Do Not be Afraid
Our minister Trevor Neill writes...
Another month comes round, and tentatively we all inch forwards, taking further steps out of lockdown. By the time we read this article, many of us will have had our first hair cuts in many months, have met with friends in the garden or visited a shop to make the first non-essential purchase of the year.
There is obviously much to give thanks for as we reflect on the events of recent months and look ahead to the easing of restrictions which have impacted all of us. We are blessed to live in a country where the vaccine programme has proceeded with astonishing speed and effectiveness, providing a basis for confidence that the government’s roadmap out of lockdown will proceed as planned.
And yet there are also understandable reasons why many of us might be feeling wary or anxious about the changes which lie ahead. Will we recover the confidence many of us may have lost over 12 months of less physical activity and less interaction with others? How safe will we feel when we step back on a train or bus or return to the office?
As many people have observed, the pandemic has accelerated the pace of change in many aspects of our lives, altering how we work, how we relate to one another and even how we worship. When we return to the shops, the office, even to church, will it really feel the same?
Because of this, it is natural that many of us have fears about what is coming our way. And, as Sam Wells, vicar of St Martin in the Fields, has so eloquently observed, it isn’t always wrong to be afraid:
‘Fear itself isn’t good or bad. It’s an emotion that identifies what we love. The quickest way to discover what or whom someone loves is to find out what they are afraid of. We fear because we don’t want to lose what we love. We fear intensely when we love intensely or when we think what or whom we love is in real danger. So a world without fear wouldn’t be a good thing, because it wouldn’t just be a world without danger – it would be a world without love’ (Sam Wells, Be Not Afraid: Facing Fear with Faith, 2011, Brazos Press, page xv).
These few sentences powerfully explain the many fears we have experienced over the last year. What might Jesus be saying to us, as individuals and his church, as we reflect on what’s passed and anticipate what the future holds?
There are many scenes in the Gospels where we encounter Jesus face to face with people who are frightened, confronted with the reality or possibility of loss, over-whelmed by the circumstances they find themselves in, their awareness of their sin and also their awareness of the greatness of God. And on each of these occasions, the message of Jesus is the same: ‘Do not be afraid.’
‘Do not be afraid.’
This is what he says when he first calls the disciples, speaking these words when Simon Peter cries out, ‘Go away from me, Lord; I am a sinful man!’ (Luke 5:8–10). Instead, Jesus points him away from fear to a new life fishing for people.
‘Do not be afraid.’
Jesus also speaks these words to Jairus, who has just heard the news that his sick daughter has died (Mark 5:36).
He says the same thing as he walks on water towards the disciples who are in a boat and anxious at a gathering storm on the Sea of Galilee (John 6:20).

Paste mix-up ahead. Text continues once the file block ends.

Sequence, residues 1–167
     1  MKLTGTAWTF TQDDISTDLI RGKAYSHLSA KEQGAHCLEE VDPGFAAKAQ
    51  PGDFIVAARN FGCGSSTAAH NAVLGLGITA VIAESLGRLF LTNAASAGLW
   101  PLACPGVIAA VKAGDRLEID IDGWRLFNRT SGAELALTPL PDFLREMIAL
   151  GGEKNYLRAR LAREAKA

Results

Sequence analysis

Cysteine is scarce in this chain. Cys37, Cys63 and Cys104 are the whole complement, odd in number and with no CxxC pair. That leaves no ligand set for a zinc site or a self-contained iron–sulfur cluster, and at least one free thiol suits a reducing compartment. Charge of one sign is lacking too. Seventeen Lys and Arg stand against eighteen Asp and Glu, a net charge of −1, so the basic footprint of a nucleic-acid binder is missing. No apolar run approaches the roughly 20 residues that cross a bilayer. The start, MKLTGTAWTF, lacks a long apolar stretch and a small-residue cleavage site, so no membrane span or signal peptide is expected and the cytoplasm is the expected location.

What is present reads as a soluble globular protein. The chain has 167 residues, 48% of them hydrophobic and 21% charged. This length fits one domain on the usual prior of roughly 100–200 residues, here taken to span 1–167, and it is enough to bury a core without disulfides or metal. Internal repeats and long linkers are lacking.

When he teaches his disciples to have a bigger perspective, to see beyond the here-and-now and trust in the provision of their heavenly Father, the same message is spoken: ‘Do not be afraid, little flock, for your Father has been pleased to give you the kingdom’ (Luke 12:32).
When Peter, James and John want to run for cover, awestruck at the greatness of God revealed on the Mount of Trans-figuration, what does he say? ‘Get up, don’t be afraid’ (Matthew 17:7).
And, as Jesus spends final precious time with his friends in the Upper Room, the gathering dread of Gethsemane and the cross coming into view, his message is the same: ‘Peace I leave with you; my peace I give you. I do not give to you as the world gives. Do not let your hearts be troubled and do not be afraid’ (John 14:27).
And if Jesus were in front of us now, at this threshold moment of stepping out of lockdown and heading towards the ‘new normal’ I suspect he might have a similar message for us. He understands our frailties and anxieties, as well as the love and deeply held values which sometimes lie behind them, but he doesn’t want us to stay in the place of fear. His will for us is that our faith will make us whole.
When we fear, we don’t make good choices. We bury treasure instead of growing what we have, we try to prevent the worst happening and in the process we end up missing out on the best God has for us. It’s hard to trust when we feel fearful and instead we pull back from each other.
I have no doubt that the coming months will bring many challenges for all of us, as plans for worshipping together gather pace and as we return to other activities in the church. All of us have been changed by our experiences of the pandemic, meaning it simply won’t be possible to pick up where we left off in March 2020.
As we feel our way back towards the ‘new normal’, whatever it will look like, my hope and prayer is that we hear clearly Jesus’ words to his first followers and to us also: ‘Do not be afraid.’ Trusting in him, may we find him to be all he has promised to be, the Good Shepherd protecting us, the vine who enables us to bear fruit, the bread which guarantees no hunger and the light who is always with us and guarantees we will never walk in darkness.
Wishing you God’s grace and peace.